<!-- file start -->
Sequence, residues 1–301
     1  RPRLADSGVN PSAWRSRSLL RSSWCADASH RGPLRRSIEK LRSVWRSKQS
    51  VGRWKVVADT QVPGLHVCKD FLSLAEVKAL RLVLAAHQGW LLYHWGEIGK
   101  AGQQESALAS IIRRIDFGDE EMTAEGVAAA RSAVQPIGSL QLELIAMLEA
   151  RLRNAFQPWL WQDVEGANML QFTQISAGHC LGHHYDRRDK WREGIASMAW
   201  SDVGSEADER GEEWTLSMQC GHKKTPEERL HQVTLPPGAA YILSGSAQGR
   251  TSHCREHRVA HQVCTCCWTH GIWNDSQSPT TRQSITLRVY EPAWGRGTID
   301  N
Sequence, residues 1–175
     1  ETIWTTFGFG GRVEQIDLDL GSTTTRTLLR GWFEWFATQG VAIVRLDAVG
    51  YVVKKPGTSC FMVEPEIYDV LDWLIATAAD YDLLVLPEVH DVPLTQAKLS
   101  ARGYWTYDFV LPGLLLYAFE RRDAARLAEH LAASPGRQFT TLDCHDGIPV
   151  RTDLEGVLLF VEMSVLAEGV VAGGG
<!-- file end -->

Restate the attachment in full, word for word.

Sequence, residues 1–301
     1  RPRLADSGVN PSAWRSRSLL RSSWCADASH RGPLRRSIEK LRSVWRSKQS
    51  VGRWKVVADT QVPGLHVCKD FLSLAEVKAL RLVLAAHQGW LLYHWGEIGK
   101  AGQQESALAS IIRRIDFGDE EMTAEGVAAA RSAVQPIGSL QLELIAMLEA
   151  RLRNAFQPWL WQDVEGANML QFTQISAGHC LGHHYDRRDK WREGIASMAW
   201  SDVGSEADER GEEWTLSMQC GHKKTPEERL HQVTLPPGAA YILSGSAQGR
   251  TSHCREHRVA HQVCTCCWTH GIWNDSQSPT TRQSITLRVY EPAWGRGTID
   301  N
Sequence, residues 1–175
     1  ETIWTTFGFG GRVEQIDLDL GSTTTRTLLR GWFEWFATQG VAIVRLDAVG
    51  YVVKKPGTSC FMVEPEIYDV LDWLIATAAD YDLLVLPEVH DVPLTQAKLS
   101  ARGYWTYDFV LPGLLLYAFE RRDAARLAEH LAASPGRQFT TLDCHDGIPV
   151  RTDLEGVLLF VEMSVLAEGV VAGGG